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sculping

[skuhl-ping] /ˈskʌl pɪŋ/
noun, Newfoundland.
1.
the act of cutting the skin and its adhering fat from the body of a seal.
Origin of sculping
1810-1820
1810-20; sculp the skin of a seal with the blubber attached (perhaps a convergence of Irish scealbóg layer of flesh, slice, scealp, scealb slice, fragment, splinter, with English scalp) + -ing1

sculp

[skuhlp] /skʌlp/
verb (used with object)
1.
to sculpture; carve or model.
Origin
1525-35; < Latin sculpere to carve
Dictionary.com Unabridged
Based on the Random House Dictionary, © Random House, Inc. 2015.
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Examples from the Web for sculping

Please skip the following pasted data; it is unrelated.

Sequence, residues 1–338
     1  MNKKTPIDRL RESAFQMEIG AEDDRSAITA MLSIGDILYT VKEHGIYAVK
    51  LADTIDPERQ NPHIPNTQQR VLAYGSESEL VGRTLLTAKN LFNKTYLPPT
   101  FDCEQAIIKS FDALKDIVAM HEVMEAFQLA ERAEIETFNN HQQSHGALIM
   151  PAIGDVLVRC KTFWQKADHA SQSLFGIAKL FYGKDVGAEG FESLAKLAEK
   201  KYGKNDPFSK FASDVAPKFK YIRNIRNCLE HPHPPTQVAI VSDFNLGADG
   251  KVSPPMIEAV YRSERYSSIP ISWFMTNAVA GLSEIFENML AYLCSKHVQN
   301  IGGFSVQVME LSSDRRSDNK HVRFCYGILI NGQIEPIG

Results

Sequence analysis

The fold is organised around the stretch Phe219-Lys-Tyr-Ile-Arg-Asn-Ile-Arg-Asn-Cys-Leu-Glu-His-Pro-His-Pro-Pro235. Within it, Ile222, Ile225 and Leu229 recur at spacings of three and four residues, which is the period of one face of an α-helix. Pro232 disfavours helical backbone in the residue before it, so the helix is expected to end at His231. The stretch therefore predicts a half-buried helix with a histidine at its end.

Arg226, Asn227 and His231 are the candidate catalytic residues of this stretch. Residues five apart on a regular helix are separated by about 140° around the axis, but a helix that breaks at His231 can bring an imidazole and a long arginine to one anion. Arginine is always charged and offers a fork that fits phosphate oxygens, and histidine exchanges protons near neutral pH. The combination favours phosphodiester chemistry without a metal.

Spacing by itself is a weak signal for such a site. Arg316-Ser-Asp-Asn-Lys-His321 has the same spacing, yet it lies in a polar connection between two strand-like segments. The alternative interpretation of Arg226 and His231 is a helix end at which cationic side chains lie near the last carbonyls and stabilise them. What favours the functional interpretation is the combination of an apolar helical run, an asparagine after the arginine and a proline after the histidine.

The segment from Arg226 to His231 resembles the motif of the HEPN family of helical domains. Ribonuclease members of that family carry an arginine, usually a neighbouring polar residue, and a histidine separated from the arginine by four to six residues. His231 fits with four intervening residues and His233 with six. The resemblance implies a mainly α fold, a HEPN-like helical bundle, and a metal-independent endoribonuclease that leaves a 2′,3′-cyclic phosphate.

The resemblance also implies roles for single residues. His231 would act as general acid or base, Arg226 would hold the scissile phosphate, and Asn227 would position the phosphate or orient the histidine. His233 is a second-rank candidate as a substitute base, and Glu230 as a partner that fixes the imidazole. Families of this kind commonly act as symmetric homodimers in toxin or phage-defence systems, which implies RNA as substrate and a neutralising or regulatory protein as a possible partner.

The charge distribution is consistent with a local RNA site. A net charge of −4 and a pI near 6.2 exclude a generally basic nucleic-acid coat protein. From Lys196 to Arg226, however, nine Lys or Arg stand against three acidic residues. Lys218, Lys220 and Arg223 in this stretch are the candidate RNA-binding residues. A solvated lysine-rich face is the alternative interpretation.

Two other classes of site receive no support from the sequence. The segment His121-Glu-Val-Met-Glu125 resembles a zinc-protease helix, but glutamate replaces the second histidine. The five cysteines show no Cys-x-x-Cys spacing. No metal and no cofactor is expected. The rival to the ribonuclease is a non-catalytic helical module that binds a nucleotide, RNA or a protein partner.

Historical Examples
  • Thus, towards evening, when the work was over save the sculping and lashing, dusk caught them unaware.

  • I see you've given up your painting and sculping to do this!

    Carnac's Folly, Complete Gilbert Parker
  • I guess I won't go into the sculping business, for I find I'm no hand at making figgers.

    Little Maid Marian Amy E. Blanchard
  • Then followed the "sculping," or skinning, which was despatched with marvellous rapidity.

    Adrift in the Ice-Fields Charles W. Hall

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13
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